Kindle users who’d rather pick up a comic book than a literary tome will now have 12,000 more options with a new deal between Amazon and Marvel. The e-commerce giant announced a partnership last night that will allow fans to download single issues of the publisher’s comics directly from its store.
Tablets are growing in popularity worldwide and cutting into PC sales, but Barnes & Noble has decided to get out of the crowded tablet biz. Their Nook comes in single-purpose e-reader and full-color Android tablet varieties, They’re still going to design and sell e-readers, but future color tablets will be “co-branded” with existing tablet manufacturers that you’ve probably already heard of. [More]
Us old folk who didn’t have our childhood catalogued in daily detail on social networks like to grumble about “kids these days!” Which is just a cranky way of saying the Facebook generation is spoiled by technology and probably wouldn’t even know what a book is if it’s not based off a hilarious parody Twitter account. But actually, kids these days not only know what real books are still, they’re reading them more than adults. [More]
Let’s see… where is a place with a captive audience that will always involve reading books, paper or otherwise, that will also need to keep updating its tools as the years go by? Oh yes, schools. They’re quite an attractive market for the makers of tablet and e-readers, and now Amazon is making a big push to make sure Kindles are the technology of choice in schools.
Anne Marie keeps getting notifications in her e-mail inbox about the content she just downloaded to her Nook. Which is weird, because she doesn’t have a Nook. Or a Barnes & Noble account. Stranger still, there’s no clear link between Anne Marie and the device’s owner.
The ritual of a bedtime story is a sacred one for many parents and their children — letting the kids turn the pages, pointing out colorful characters and enjoying the stories together. But while plenty of parents love the tradition of a paper book, e-books are gaining on physical books.
Since the introduction of the iPad, e-book fans have generally fallen into two camps — those who prefer the E Ink technology in Kindles and Nooks because it causes less eye strain and uses relatively low battery power; and those who prefer the backlit screens of tablet computers, which allow them to read without the need for a secondary light source. The Nook has come up with one possible solution, and now Amazon is reportedly set to launch a Kindle that would use a front-lit system to allow people to read in the dark.
Barnes & Noble has launched a new $139 version of its Nook Simple Touch e-reader with a lighted e-ink screen that promises you can read in bed without disturbing your sleeping spouse.
E-books are easy to carry and make shopping for books an anytime, anywhere kind of experience. Which is why new research that says reading habits are speeding up among those using e-readers makes sense. In fact, they tend to read more often than those who read strictly print material, including books, magazines and news articles.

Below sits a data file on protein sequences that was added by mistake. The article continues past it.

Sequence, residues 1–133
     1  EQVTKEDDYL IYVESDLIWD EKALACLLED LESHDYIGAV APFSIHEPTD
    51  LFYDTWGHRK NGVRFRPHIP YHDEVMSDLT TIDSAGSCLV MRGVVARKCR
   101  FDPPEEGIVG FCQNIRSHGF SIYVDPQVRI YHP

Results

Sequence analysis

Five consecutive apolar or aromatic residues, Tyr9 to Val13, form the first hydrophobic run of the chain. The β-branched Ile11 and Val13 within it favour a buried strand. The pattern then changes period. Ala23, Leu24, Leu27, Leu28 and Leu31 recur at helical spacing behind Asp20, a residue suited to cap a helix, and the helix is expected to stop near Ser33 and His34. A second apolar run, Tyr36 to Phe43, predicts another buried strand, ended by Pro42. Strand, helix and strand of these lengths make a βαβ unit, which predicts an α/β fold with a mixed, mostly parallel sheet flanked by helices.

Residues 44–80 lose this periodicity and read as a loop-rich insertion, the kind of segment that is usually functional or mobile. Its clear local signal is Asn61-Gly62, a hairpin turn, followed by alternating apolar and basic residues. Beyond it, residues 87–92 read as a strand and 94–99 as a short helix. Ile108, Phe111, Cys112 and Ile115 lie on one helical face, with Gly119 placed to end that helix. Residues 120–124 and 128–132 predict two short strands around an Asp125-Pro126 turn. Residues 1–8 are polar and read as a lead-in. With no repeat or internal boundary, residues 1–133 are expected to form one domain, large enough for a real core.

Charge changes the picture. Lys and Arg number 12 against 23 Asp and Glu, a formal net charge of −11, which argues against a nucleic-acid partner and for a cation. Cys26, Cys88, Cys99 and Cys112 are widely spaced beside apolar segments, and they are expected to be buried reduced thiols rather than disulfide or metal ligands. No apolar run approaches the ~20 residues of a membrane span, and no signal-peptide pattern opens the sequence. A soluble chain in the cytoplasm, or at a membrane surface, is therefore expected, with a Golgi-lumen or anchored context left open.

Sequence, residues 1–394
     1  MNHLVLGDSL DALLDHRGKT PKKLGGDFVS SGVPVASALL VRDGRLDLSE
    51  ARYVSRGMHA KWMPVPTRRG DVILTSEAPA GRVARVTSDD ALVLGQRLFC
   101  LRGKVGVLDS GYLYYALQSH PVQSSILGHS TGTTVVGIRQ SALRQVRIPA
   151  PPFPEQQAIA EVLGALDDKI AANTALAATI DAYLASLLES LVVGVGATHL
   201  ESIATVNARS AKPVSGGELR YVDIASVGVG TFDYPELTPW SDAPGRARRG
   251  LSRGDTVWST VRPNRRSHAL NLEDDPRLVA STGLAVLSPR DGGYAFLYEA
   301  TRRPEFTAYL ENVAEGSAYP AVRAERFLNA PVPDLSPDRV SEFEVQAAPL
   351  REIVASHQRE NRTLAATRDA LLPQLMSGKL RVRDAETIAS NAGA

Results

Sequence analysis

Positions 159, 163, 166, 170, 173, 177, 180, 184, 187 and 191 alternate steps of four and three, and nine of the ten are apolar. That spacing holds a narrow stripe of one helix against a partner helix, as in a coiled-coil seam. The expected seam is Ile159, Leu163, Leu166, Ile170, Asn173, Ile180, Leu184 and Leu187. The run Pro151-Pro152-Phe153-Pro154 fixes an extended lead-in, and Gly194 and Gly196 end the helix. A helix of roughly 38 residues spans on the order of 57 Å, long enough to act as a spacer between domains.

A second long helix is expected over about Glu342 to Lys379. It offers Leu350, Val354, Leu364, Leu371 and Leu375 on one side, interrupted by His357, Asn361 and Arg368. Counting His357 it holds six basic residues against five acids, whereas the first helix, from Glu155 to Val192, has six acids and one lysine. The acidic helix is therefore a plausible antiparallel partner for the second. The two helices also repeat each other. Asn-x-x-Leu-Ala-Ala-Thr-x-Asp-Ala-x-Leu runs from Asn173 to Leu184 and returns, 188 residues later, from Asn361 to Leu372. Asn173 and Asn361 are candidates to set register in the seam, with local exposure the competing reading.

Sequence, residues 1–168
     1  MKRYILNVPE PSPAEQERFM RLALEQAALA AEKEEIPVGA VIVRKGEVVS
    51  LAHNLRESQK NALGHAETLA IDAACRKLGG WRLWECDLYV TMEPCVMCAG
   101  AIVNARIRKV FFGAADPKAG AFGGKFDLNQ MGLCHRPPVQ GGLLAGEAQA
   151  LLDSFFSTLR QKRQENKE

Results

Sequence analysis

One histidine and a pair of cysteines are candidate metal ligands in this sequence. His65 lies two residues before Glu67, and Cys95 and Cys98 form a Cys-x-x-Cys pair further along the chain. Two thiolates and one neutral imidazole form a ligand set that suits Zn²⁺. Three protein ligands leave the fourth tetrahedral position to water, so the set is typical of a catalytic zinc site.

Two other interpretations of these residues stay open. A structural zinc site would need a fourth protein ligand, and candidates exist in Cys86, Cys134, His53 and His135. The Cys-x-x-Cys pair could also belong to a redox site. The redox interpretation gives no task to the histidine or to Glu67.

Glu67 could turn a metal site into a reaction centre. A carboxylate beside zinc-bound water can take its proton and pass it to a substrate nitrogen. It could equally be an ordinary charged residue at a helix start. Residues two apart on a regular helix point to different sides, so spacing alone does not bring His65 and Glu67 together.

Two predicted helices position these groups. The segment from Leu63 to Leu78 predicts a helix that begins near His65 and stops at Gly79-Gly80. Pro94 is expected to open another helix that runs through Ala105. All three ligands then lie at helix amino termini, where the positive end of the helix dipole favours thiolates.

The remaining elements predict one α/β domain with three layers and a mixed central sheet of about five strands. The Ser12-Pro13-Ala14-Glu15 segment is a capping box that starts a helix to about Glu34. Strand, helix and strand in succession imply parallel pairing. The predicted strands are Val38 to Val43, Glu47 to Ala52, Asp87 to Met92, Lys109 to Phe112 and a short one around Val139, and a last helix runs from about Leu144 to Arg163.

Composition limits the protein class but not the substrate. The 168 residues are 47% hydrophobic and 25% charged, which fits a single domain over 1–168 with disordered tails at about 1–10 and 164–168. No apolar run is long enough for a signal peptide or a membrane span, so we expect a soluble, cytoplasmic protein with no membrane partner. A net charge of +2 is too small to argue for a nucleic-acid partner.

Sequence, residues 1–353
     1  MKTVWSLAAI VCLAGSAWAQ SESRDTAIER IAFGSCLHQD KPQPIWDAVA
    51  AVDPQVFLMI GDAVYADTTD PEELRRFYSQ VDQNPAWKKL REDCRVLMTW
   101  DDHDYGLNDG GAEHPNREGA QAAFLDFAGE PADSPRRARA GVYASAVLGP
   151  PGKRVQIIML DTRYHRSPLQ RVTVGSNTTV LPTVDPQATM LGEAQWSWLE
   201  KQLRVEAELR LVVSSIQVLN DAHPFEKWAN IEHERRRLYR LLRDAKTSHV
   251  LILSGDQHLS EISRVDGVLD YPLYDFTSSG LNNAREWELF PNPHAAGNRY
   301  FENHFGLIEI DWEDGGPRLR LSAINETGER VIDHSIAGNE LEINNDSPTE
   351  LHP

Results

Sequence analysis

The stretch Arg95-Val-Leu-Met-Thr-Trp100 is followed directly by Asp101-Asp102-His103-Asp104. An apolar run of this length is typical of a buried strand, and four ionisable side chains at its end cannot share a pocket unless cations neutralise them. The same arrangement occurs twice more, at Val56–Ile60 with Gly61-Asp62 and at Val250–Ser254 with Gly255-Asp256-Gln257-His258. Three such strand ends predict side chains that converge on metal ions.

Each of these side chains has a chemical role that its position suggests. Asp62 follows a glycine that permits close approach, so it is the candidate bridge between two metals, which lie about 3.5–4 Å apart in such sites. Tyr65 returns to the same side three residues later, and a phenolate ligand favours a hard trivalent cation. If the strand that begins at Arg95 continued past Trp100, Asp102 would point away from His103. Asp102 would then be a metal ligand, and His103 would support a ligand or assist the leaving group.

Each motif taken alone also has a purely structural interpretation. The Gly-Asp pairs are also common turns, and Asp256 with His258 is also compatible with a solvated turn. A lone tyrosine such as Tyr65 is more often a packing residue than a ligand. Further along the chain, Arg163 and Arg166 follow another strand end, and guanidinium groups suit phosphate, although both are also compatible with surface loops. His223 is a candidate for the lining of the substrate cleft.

Perhaps lugging around a thick paper copy of any of the seven books in the Harry Potter series has deterred you from indulging in a re-read, or even attempting a first go at the books. But starting today, J.K. Rowling’s novels involving the world of wizards are available in e-book format.
Glancing at your bulging bookshelf and then over at your slim reader might make you wonder if paper books will someday go the way of the dinosaur in favor of e-books. For a few reasons at least, hang on to those paper copies, as there are still some drawbacks to reading electronic fare.
While there are a number of full-color devices like the Kindle Fire or the Nook that are sold as e-readers, there is a segment of the e-book reading world that views them as dumbed-down tablets with too-bright backlit screens that suck up battery power. Many of these people have been waiting for a color version of the E-Ink technology used in all the non-Fire Kindles and a few other readers to eventually become a reality. Well, now it is, but you won’t be seeing it stateside in the near future.
Kris purchased the new biography of Steve Jobs through the Kobo e-bookstore as a gift for his dad, but here’s the trouble with buying an e-book: no one knows where it went, and no one at Kobo is capable of helping him. The Kindle version cost $3 more, but actually worked.
If you went out on Black Friday and snagged a cheap e-reader, it’s time to load it up with as many free e-books as it can hold. The amount of free stuff out there is astounding, ranging from public domain classics to new releases you can borrow from libraries.
Any libraries concerned that the ebook phenomenon will render them obsolete could stand to take a cue from a Wisconsin library that has started lending iPads to members. The devices come pre-loaded with at least 1,000 classic books and are available for weeklong loans and four-hour in-library use.
Who needs a bookshelf with important, leather-bound books when you have so many other trinkets to store on shelves? Ikea is taking note of the move toward e-books and has responded to the increasingly electronic world by redesigning its BILLY bookshelf as more of a just, you know, things-shelf.
Barnes & Noble is looking for help in making its Nook e-reader more versatile. The bookseller has opened itself to app submissions, allowing garage code-tinkerers everywhere to dream that their creations will be used by people who own the device.